the Boys favoring the device of peppering a song which is sung primarily
in unison with either occasional notes here and there which suddenly
shift into two part harmony (e.g. "Misery") or even whole phrases of two-part counterpoint. TYG has ample examples of both methods of
After those vocal parallel thirds of the intro, the first half of the
verse is given to us in unison; ever notice how when John and Paul
sing together like this, the result is a sort of third voice which sounds
like unlike either of them ? Even better though is the quintessentially
Beatles-esque harmonization of the second phrase; no, it's definitely
not something out of the Everly Brothers! Instead of bonehead parallel
thirds what we get here is an almost *seemingly* arbitrary and yet
delightfully pungent, dissonant jumble of fourths and fifths mixed among
the few, more consonant sixths. But you know, my dear reader, that this
strange counterpoint is not at all without motivation -- listen carefully
and note how the lower line sung by John is none other than the self-same
melody sung by him and Paul in the first phrase; check 'em out:
Paul: |F# D E G |F# D E G |F# D C#B |A
John: |A A B D |A A B D |A F# E D |D
Refrain - "And all I gotta to do"
This is another short section of only four measures whose harmonic shape
is wide open with an emphatic focus on a dominant V chord which goes
begging for resolution:
|G |A |G |A |
D: IV V IV V
I also tend to subliminally associate this section with the intro; we not
only have the slowing of the harmonic rhythm back to one chord per
measure, but there is also the oscillation between the IV and V chords
(granted they're in reverse order here).
In spite of the slowed harmonic rhythm in this phrase, there is a
subtle feeling of propulsion created by the gentle syncopation of those
"Thank you"s in the vocal part.
The vocal part is quite "Misery")-like: all in unison except for that
open sixth which blossoms forth for an instant on the word "do"; not
accidentally at the melodic apogee of the phrase. Interestingly,
there is more two part harmony added at the end of all the other repeats
of this refrain. Now this added bit of harmony not only has on first
hearing, that same twangy and dissonant flavor we discussed above in
connection to the verse, but on closer examination, is similarly
motivated as above; i.e., the new upper part sung by Paul in all
refrains except the first one is pitted against John's singing of
the identical part they both sung in unison this first time around:
Paul: |E D D |F# E E |
John: |E D D |C# B A |
Bridge - "Thank you girl for loving me ..."
This is an eight measure section built out of two phrases:
|b |D |A |- ||e |A |D |- |
D: vi I V ii V I
Harmonically, we are given some well needed, albeit short-lived relief
from our strict diet of only three chords. Melodically, the use of
scalar material in the melody provides a unifying association with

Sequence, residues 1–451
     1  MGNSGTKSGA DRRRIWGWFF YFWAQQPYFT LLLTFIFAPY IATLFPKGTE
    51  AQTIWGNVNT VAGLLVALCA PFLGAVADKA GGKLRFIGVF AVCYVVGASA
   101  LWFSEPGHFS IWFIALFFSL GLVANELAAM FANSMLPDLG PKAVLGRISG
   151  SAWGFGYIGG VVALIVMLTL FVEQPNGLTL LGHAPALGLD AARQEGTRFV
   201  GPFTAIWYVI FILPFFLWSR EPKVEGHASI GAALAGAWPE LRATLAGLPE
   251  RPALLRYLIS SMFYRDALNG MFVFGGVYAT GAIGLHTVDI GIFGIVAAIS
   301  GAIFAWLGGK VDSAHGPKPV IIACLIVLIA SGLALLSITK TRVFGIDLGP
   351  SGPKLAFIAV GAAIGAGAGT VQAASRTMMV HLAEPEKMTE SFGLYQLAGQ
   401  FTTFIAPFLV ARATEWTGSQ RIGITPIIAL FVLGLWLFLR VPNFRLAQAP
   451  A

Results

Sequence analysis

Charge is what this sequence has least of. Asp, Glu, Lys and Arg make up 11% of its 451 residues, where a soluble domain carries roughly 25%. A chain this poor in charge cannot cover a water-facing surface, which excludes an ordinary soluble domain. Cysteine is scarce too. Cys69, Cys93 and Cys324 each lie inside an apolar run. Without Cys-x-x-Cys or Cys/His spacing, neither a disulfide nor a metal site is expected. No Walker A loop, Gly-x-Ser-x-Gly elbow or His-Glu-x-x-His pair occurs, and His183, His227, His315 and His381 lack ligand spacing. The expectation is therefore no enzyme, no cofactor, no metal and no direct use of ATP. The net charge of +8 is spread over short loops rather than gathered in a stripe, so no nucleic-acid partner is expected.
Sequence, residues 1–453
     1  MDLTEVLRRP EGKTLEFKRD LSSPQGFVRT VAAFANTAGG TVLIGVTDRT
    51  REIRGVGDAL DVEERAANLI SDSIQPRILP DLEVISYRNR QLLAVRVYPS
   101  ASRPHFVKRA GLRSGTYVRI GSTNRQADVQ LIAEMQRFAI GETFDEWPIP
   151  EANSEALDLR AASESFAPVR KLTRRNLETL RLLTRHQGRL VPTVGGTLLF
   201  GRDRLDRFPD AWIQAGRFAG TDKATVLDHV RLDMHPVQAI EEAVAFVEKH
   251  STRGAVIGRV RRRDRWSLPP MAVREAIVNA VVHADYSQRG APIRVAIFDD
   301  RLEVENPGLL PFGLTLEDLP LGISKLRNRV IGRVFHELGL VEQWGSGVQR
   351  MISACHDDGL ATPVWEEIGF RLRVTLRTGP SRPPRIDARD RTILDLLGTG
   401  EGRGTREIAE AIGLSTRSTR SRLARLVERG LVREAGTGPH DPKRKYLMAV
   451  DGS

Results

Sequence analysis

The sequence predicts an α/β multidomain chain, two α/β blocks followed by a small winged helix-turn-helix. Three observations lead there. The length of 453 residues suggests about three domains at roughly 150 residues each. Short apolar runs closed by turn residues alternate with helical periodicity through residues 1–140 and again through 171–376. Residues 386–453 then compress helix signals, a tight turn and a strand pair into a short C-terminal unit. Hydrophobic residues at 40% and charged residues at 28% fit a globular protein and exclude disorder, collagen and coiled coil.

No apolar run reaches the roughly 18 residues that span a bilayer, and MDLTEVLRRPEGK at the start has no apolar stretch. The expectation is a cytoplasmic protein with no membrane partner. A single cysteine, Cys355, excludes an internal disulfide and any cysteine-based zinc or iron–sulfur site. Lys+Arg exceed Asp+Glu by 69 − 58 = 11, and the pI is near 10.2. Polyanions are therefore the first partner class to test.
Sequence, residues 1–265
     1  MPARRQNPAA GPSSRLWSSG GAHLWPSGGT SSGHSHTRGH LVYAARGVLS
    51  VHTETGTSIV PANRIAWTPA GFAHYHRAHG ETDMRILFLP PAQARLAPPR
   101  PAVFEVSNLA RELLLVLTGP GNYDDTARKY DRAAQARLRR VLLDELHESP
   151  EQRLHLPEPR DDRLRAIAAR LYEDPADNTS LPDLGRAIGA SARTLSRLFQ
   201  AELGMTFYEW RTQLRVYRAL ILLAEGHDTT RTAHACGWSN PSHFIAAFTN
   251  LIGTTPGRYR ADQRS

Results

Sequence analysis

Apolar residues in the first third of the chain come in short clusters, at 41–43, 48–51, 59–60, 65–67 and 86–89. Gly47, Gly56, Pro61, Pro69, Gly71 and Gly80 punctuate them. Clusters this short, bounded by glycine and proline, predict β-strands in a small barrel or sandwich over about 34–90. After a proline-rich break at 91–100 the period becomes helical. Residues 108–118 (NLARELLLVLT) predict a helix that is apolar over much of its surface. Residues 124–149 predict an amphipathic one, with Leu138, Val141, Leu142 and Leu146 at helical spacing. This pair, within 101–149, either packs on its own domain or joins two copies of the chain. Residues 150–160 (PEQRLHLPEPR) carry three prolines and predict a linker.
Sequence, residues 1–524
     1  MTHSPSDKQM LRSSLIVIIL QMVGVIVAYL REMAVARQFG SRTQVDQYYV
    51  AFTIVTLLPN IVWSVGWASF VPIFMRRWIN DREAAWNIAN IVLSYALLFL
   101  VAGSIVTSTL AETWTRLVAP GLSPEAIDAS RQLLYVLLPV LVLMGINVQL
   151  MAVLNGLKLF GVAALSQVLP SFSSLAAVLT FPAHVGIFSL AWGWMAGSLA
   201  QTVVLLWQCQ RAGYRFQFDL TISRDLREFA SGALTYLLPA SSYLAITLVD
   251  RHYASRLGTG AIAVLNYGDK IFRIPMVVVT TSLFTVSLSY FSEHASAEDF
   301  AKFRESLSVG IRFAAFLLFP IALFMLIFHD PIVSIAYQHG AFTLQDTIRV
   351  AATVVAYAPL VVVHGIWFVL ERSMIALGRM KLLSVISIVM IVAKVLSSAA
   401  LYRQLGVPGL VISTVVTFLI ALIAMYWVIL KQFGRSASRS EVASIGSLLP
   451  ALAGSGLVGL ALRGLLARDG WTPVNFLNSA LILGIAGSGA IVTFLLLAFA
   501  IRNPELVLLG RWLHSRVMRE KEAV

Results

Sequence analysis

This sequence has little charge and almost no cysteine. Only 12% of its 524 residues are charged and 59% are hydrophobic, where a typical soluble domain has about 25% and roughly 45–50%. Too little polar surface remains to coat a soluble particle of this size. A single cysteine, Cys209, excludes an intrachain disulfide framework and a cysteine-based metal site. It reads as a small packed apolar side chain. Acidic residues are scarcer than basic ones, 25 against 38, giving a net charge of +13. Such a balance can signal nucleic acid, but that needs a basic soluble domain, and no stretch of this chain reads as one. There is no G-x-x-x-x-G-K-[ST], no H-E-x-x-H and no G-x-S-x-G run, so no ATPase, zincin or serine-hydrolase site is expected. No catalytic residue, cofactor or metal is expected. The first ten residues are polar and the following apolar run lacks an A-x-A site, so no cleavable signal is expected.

Although this bridge section makes a half-hearted attempt at harmonic
excursion away from the tonic by starting off on the vi chord, the shape
of this section overall is unusually closed for a bridge. As a result,
the repeat of the open-ended refrain at this juncture works quite well
in the way it sets up the rest of the song.
As in the refrain, the vocal parts are primarily in unison except for the
brief, punctuated repeat of the phrase "way that you do" in parallel thirds.
The outro consists of three similar phrases, the first of which is six
measures long, while the remaining two are four measures each.
The first phrase repeats the music of the intro virtually verbatim and
then tacks on two measure which are harmonically identical to the beginning
of the verse section, though in place of the voices we now are given fancy
flourishes on the drums.
The second phrase repeats what was the last four measures of the previous
phrase. The third and final phrase begins as though going for yet another
verbatim repeat of what preceded but the last two measures now neatly provide
the full ending with the same sort of neighbor tone embellishment of the
harmony as seen in the opening measures of the intro.
From the outtakes of this song it not only seems possible that a fade-out
ending was originally considered, but that in the several stand-alone takes
of the coda, we see the Boys fiddling with the details of the bassline
and the voicing of the rhythm guitar chords right down to the wire.
A Closing Thought
Leaving the technical musical analysis entirely aside at this point, may
I suggest that one of the most forward-pointing details in this song is
to be found in one conspicuously serious turn of phrase of the lyrics.
Ask yourself what it is about this singular girl that has prompted such
effusion from our hero; it's not beauty or even technical prowess in the
dancing or loving departments -- hint: at some point in the past, she helped
him out in a time of need.
Alan (firstname.lastname@example.org *OR* uunet!huxley!awp)
"They tried to fob you off on this musical charlatan,
but *I* gave him the test." 042990#16
042990 16.0 Original release
101700 16.1 Revise, expand and adapt to series template
101900 16.2 Correct comments re: harmonica overdubs and Capitol mix
Copyright (c) 1990 by Alan W. Pollack
All Rights Reserved
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Ook op Past Masters, Vols. 1:
Ook op Live At The BBC:
(c) 2020 Serge Girard